The same question about the “moral law” can be asked. Where do we find this moral law? They can be found in summary form in the Ten Commandments. In fact, Vos argues, “Rightly interpreted, they include every moral duty enjoined by God.” There is a reason for this kind of thinking. If the Ten Commandments serve as a summary teaching of God’s moral law, then all moral duties could find their connection to one of the Ten Commandments by direct application, by inference, etc. Though his statement may be difficult to prove from each moral commandment of the Bible, yet his is a reasonable conclusion.


Uniquely Given by God

When the Jews compiled the law from the Bible, they counted 248 to be positive prescriptions and 365 to be negative.[5] Yet the Ten Commandments stood out. In Deut. 10:4, Moses said, “And he wrote on the tablets, in the same writing as before, the Ten Commandments that the LORD had spoken to you on the mountain out of the midst of the fire on the day of the assembly. And the LORD gave them to me.” What we learn from Moses at this point is that the first and possibly the second set of tablets were written by God Himself (Deut. 10:3; Exodus 34:1, 4, 8). So the LC correctly states that the Ten Commandments “were delivered by the voice of God upon Mount Sinai, and written by him in two tables of stone; and are recorded in the twentieth chapter of Exodus.

Only the Ten Commandments were written by God’s finger (“the two tablets of the testimony, tablets of stone, written with the finger of God” Ex. 31:18). This point is clearly stated in Ex. 32:16, “The tablets were the work of God, and the writing was the writing of God, engraved on the tablets.” These commandments were unique because of the way God gave them to His people.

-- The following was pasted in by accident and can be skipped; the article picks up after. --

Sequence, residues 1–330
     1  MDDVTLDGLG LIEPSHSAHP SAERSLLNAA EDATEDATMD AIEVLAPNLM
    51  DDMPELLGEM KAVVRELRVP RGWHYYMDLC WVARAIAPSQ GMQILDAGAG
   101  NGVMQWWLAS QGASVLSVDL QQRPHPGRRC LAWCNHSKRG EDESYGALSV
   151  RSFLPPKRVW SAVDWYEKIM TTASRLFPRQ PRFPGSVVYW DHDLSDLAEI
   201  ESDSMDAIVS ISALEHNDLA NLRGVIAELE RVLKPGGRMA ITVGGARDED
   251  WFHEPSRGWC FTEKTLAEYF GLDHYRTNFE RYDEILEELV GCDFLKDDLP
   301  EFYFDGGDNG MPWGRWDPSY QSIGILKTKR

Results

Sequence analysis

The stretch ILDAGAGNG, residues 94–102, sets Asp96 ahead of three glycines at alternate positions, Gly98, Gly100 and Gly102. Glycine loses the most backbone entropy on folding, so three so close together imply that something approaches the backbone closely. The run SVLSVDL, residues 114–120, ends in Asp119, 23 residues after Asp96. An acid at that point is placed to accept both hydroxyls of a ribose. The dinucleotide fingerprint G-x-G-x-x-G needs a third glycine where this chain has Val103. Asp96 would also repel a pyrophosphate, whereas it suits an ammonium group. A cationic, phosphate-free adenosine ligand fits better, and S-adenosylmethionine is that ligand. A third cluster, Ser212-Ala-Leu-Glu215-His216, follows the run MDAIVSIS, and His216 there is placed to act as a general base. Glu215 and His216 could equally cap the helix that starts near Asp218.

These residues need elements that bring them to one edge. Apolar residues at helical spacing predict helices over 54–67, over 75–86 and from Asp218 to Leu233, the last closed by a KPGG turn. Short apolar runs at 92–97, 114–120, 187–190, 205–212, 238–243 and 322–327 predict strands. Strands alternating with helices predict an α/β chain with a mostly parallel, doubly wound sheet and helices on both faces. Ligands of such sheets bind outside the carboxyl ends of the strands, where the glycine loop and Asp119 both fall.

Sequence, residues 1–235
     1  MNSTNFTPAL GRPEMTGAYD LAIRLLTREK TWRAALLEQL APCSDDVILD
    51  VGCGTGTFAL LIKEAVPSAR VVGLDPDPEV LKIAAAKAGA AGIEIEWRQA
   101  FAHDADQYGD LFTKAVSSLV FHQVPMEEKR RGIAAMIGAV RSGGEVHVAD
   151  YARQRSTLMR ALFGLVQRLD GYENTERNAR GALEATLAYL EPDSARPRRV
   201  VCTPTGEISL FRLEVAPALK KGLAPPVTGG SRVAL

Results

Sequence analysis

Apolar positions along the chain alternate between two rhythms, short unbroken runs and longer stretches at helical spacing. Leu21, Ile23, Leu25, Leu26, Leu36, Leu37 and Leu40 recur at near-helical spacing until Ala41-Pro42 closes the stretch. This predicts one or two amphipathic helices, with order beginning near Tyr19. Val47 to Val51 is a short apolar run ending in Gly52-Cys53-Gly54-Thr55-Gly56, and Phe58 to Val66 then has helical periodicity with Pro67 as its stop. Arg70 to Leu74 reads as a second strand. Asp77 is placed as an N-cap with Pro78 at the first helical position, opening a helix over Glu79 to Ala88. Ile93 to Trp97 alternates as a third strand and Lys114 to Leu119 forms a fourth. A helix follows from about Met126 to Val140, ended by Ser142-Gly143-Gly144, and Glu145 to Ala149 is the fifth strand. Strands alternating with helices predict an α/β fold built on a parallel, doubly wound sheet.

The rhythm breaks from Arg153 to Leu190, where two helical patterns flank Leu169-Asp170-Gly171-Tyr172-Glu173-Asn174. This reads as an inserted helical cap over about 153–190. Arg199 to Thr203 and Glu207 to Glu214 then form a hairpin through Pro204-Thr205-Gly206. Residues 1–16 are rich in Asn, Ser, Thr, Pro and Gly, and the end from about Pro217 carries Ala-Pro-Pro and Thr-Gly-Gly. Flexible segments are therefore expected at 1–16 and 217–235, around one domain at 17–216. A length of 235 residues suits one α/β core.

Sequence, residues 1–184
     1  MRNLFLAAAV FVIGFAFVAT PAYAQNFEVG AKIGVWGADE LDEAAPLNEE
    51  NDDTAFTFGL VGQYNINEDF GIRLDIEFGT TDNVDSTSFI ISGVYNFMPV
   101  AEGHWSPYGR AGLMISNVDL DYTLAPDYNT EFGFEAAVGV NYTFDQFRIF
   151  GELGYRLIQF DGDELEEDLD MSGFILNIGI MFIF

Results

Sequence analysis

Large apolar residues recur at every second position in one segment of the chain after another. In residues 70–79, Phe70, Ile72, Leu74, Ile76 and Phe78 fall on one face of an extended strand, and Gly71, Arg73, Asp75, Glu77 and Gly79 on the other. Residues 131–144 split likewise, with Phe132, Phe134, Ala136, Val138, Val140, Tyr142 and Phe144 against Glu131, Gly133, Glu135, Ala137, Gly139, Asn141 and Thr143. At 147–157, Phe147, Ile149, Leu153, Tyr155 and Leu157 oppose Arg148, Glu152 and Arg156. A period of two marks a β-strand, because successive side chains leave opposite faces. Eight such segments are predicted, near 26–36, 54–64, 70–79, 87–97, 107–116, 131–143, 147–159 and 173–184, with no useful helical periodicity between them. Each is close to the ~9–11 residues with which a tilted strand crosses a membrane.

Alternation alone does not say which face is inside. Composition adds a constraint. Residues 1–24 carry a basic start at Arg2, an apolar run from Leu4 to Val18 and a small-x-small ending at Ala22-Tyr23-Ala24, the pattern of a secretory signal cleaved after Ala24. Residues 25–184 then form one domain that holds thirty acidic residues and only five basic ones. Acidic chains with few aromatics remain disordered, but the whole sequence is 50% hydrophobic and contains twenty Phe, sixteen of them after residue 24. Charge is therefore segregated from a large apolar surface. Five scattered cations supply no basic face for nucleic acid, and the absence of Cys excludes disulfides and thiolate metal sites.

Furthermore, these commandments are called the “Ten Words” (hence Decalogue [tou\ß de÷ka lo/gouß], Ex. 34:28; Deut. 4:13; 10:4). In fact, the Ten Words seem to distinguish itself from words like commandments, statutes, and regulations in the OT. That is, only these ten are called “words” (debarim).[6] Douglas Stuart states explicitly that “nothing in Exodus 20 is described as ‘commandment’ or ‘law’ or the like.”[7] They are also deemed to be “the words of the covenant” (ty$îrV;bAh yâérVbî;d) (Ex. 34:28) or “his covenant” as in Deut. 4:13: “And he declared to you his covenant, which he commanded you to perform, that is, the Ten Commandments, and he wrote them on two tablets of stone.” For that reason, they were kept in the “ark of the covenant.”

Additionally, the Ten Words came to Israel in the most frightening manner (“thunder and the flashes of lightning and the sound of the trumpet and the mountain smoking” Ex. 20:18). They were entering into a covenant with God and these Words served as the terms of that covenant. This manner of delivery was calculated to engender holy fear. The great Ezekiel Hopkins put it like this:

The wisdom of God designed it so, on purpose to possess the people with the greater reverence of it; and to awaken in their souls a due respect to those old despised dictates of their natures, when they should see the same laws revived and invigorated with so much circumstance and terror: for, indeed, the Decalogue is not so much the enacting of any new law, as a reviving of the old by a more solemn proclamation.[8]

So the Ten Commandments clearly stood out in Israel’s history. They were not routine “laws” but unique in their role in God’s people’s lives. One commentator offers an interesting and helpful comparison:

If the American legal corpus is used as an analogy, it could be said that the ten “words” of Exod 20 are somewhat like the Constitution of the United States (legally binding in a most basic, foundational way but more than a mere set of individual laws) and the laws that follow (cf. 21:1, “These are the laws you are to set before them”) somewhat analogous to the various sections of federal law dealing with all sorts of particular matters that have been enacted legislatively over time. The one group is absolutely “constitutional” or “foundational”; the other is specifically regulatory, following from the principles articulated in the more basic “constitution.”[9]